Germany’s Social Democrats (SPD) are increasingly forced into coalitions with the far left. Such pacts haven’t hurt their counterparts in Portugal and Spain, but Germany is a more conservative country with a consensual style of politics and arguably less need for redistributive policies.
The risk is that a left-wing strategy will alienate centrist voters. But the alternative — continuing to rule in grand coalitions with the right — is wearying leftists.
- The SPD is the second largest party in the government of Thuringia, where it rules with Die Linke and the Greens. The three lost their majority in an election last weekend. They will need the support of either the Christian Democrats or the liberal Free Democrats to stay in power.
- The Social Democrats in Bremen tied themselves to the Greens and Die Linke when they ruled out a coalition with the right ahead of the state election in May. It didn’t prevent them from losing power to the Christian Democrats.
- Following gains for the Greens in the 2016 Berlin election, the SPD ended its coalition with the Christian Democrats in the city and joined with the left.
- The first time the SPD teamed up with Die Linke was in 2009 in Brandenburg, the region surrounding Berlin.
Until then, the SPD had refused to work with the party, which traces half its heritage to the ruling communist party of the former East Germany. The two disagreed on everything from the EU to industrial policy to NATO membership to relations with Russia.
They still do, but now Die Linke is the only alternative to the Christian Democrats, with whom the Social Democrats have governed in a grand coalition since 2013.
Many Social Democrats blame the grand coalition with Angela Merkel for their decline in popularity. The SPD fell from 41 percent support in 1998 to 26 percent in 2013 to 20.5 percent in 2017. Polls now put its support under 15 percent, far behind the Greens, who are approaching 25 percent, and neck and neck with the far-right Alternative for Germany.
My view is that the Social Democrats made the mistake of trying to please everyone: blue-collar voters, whose values tend to be more conservative; urban progressives; environmentalists; and middle-class voters, who care more about economic than social policy. That’s how you end up pleasing no one.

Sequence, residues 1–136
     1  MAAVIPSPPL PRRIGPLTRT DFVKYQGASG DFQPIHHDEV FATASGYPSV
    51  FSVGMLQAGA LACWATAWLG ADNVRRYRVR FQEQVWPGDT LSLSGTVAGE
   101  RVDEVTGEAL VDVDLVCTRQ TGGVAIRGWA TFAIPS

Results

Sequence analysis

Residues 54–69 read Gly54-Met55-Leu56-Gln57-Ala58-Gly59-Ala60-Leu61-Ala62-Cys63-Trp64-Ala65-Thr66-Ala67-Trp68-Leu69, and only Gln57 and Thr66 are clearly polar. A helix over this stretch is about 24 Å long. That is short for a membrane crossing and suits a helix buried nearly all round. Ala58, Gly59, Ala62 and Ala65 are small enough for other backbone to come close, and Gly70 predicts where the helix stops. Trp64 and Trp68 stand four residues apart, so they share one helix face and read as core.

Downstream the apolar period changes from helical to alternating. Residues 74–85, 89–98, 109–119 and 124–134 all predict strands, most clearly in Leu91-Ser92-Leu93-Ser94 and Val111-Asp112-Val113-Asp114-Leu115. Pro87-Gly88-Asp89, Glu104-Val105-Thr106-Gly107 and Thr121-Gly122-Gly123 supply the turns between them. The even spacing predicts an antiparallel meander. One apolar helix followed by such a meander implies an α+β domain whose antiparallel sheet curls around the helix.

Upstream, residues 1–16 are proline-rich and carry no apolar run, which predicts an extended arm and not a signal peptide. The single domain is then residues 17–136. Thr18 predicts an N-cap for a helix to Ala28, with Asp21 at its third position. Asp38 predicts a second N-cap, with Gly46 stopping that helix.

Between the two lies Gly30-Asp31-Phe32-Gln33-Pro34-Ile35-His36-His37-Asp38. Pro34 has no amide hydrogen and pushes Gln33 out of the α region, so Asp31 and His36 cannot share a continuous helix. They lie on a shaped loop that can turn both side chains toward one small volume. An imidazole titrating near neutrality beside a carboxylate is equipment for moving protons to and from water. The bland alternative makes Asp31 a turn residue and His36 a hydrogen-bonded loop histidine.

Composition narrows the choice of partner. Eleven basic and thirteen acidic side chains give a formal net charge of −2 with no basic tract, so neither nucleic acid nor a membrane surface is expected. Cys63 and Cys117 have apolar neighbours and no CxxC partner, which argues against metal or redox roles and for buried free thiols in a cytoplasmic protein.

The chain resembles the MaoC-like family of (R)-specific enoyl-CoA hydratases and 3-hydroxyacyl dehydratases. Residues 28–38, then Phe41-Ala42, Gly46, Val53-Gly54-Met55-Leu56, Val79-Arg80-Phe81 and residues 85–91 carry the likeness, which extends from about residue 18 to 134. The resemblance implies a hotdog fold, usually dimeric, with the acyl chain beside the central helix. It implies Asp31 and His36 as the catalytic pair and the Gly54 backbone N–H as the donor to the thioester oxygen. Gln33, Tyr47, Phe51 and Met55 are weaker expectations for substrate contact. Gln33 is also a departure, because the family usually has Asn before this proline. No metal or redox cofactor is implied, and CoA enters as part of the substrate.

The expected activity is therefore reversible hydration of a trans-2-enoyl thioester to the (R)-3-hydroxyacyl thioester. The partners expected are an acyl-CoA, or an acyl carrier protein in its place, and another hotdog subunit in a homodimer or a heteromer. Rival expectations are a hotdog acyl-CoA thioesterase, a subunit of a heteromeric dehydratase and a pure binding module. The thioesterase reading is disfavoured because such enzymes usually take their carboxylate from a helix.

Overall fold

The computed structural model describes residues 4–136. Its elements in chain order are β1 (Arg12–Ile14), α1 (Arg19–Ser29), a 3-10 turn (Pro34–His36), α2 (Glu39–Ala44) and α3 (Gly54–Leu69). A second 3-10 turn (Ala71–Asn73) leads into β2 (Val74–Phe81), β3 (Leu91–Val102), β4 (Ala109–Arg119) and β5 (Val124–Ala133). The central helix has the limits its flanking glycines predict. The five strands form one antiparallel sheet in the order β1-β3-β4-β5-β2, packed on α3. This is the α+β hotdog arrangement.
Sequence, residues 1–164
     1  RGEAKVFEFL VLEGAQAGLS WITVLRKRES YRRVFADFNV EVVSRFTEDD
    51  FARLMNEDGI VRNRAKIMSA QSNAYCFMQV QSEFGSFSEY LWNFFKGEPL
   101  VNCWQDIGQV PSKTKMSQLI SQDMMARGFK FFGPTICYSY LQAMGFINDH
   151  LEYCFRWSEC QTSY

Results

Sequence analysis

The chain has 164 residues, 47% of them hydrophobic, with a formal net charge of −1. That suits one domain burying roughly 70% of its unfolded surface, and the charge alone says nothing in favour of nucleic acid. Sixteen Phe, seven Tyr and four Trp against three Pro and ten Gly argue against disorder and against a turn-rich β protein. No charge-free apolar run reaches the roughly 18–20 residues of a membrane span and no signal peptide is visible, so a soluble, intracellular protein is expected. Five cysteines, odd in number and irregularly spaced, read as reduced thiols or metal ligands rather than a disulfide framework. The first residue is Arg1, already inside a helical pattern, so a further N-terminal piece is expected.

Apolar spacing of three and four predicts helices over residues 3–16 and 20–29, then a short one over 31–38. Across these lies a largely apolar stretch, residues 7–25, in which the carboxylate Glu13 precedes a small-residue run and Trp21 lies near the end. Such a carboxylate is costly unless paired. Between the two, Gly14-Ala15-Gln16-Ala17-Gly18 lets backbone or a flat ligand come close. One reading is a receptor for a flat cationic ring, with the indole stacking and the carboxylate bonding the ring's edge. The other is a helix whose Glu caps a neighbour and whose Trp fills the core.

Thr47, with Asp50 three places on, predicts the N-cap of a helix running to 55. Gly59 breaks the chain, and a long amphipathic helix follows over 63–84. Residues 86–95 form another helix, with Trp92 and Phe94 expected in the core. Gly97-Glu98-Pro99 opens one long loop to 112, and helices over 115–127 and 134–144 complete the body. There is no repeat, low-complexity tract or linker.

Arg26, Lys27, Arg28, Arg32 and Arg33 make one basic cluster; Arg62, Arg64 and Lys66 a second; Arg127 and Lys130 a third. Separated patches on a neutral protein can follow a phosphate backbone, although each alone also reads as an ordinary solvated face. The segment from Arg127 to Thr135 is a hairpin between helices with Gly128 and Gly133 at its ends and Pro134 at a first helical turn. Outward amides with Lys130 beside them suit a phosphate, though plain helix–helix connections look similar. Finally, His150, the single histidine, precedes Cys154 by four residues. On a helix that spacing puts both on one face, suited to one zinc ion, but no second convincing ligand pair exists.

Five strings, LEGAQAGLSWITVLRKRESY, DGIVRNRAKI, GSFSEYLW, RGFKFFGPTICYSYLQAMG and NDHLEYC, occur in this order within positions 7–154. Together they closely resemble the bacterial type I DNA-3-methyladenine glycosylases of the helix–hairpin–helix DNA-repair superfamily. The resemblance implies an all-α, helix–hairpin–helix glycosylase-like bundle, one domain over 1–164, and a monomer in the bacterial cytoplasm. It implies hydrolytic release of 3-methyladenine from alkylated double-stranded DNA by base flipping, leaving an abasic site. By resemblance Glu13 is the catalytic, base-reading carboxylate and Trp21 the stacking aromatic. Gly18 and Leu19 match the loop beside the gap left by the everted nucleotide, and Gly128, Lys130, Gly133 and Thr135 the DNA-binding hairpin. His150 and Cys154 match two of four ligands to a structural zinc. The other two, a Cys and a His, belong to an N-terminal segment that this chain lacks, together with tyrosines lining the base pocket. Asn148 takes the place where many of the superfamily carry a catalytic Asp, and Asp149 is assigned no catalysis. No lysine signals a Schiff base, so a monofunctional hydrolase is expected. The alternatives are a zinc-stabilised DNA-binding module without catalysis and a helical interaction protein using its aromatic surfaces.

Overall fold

The party needs to decide who and what it’s for, and it has essentially two models:
- The Scandinavian model. Move to the right on immigration and security in a bid to woo working-class voters. The result from Denmark is only mildly encouraging. The Social Democrats there are the largest party, but they haven’t won back many voters from the far right.
- The Iberian model. Social democrats in Portugal and Spain made deals with the far left and won. In the most recent Spanish election, support for the center-left Socialist Party went up from 23 to 29 percent — mostly at the expense of the far-left Podemos. In Portugal, António Costa won reelection on the back of an alliance with the communists and Greens.
Germany is not Iberia
One of the reasons the Portuguese and Spanish left have won recent elections there is that they campaigned against the austerity policies of the right. Germany could spend more generously on pensions and welfare, and the former East still lags behind the West, but middle-income Germans don’t typically respond well to big tax and spending promises.
Another argument against an Iberian strategy is that Germany’s Social Democrats have lost voters not just to the Greens but to the Christian Democrats, who, under Merkel, have occupied the center.
Coalitions with the far left tend to produce policies that alienate precisely those voters. In Bremen, for example, the SPD legislated to ban cars from the medieval inner city by 2030 and close the city-state’s only coal-fired power station.
It puts the SPD in another damned-if-you-do-and-damned-if-you-don’t dilemma: it loses voters to the Greens if it isn’t seen as taking the environmental crisis seriously, but it can never outflank the Greens on the environment, at least not without losing the support of car-owning, middle-class voters, who already feel they’re bearing the brunt of Germany’s green energy transition.